Common Sense and the Classics

Dinah Birch

  • Dignity and Decadence: Victorian Art and the Classical Inheritance by Richard Jenkyns
    HarperCollins, 363 pp, £20.00, November 1991, ISBN 0 00 223843 8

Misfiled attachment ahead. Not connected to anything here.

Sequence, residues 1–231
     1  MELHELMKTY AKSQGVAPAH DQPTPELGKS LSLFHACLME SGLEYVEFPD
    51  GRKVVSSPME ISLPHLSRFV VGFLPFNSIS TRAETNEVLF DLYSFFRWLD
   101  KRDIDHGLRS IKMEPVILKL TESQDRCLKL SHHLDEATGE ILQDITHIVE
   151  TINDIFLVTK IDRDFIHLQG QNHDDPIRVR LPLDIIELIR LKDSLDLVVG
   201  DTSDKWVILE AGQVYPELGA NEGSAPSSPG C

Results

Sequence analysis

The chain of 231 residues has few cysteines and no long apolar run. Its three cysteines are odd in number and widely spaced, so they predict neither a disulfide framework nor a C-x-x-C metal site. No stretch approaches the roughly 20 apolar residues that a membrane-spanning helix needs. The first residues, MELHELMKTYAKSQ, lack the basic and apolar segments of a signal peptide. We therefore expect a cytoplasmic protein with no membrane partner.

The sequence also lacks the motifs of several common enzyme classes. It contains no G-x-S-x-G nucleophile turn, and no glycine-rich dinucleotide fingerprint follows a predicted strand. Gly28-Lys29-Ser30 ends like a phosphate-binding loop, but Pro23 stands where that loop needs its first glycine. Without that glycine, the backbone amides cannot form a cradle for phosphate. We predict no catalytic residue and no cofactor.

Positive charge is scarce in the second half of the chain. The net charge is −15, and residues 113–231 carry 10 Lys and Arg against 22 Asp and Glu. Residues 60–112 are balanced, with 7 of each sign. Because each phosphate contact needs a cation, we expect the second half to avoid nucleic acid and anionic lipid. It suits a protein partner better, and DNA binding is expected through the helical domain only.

There used to be a notion that the 19th century abandoned the ancient world as a cultural model, and looked instead either to progressive scientific materialism or escapist Gothic Medievalism. Like most such generalisations, this hypothesis was full of holes. The story of 19th-century Classicism has now received much scholarly attention, and it has turned out to be odder and more complicated than anyone used to suppose. The peculiar prestige of the Greeks (Roman civilisation – for reasons worth investigating – never acquired quite the same glamour in Victorian eyes) has come to seem pervasive and deep-rooted, forming the dominant aspirations of the period in varied and contradictory ways. Its romantic historicism had a great deal in common with the fashion for the Medieval. But its influence on Victorian preoccupations was more widespread than the taste for Arthurian knights and damsels, and its consequences were more enduring.

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